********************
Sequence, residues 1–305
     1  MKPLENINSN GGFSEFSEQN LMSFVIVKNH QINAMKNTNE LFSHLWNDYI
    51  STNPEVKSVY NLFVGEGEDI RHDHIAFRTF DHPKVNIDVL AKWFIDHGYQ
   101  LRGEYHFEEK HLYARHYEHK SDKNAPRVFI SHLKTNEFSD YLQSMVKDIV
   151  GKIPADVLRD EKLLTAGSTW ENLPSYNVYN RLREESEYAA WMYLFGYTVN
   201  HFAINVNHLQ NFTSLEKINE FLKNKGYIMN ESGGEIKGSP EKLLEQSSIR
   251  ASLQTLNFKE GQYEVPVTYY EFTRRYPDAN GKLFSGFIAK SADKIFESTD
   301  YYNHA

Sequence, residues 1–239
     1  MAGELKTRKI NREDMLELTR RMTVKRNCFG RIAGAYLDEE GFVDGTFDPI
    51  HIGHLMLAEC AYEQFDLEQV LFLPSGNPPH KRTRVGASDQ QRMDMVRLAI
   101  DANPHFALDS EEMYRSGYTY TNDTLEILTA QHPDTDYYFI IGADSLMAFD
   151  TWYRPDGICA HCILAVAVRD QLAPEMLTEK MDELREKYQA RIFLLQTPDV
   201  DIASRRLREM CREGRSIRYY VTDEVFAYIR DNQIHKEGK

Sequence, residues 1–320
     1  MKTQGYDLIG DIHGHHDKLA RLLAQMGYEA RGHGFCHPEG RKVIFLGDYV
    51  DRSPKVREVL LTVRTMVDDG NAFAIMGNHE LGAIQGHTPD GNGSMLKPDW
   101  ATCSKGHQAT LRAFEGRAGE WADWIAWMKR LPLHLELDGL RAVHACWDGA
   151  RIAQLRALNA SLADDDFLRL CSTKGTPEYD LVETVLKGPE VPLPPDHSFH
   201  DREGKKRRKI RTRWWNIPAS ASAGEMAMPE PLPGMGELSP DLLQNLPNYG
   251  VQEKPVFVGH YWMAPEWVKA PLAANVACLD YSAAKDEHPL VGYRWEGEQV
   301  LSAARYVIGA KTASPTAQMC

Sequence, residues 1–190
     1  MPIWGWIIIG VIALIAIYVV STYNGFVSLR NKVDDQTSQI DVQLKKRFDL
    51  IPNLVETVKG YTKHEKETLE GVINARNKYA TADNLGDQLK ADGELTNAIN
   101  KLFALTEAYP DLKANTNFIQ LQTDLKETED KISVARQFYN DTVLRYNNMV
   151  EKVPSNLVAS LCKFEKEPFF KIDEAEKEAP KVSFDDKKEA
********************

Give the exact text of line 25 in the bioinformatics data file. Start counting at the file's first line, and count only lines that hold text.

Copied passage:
    51  IPNLVETVKG YTKHEKETLE GVINARNKYA TADNLGDQLK ADGELTNAIN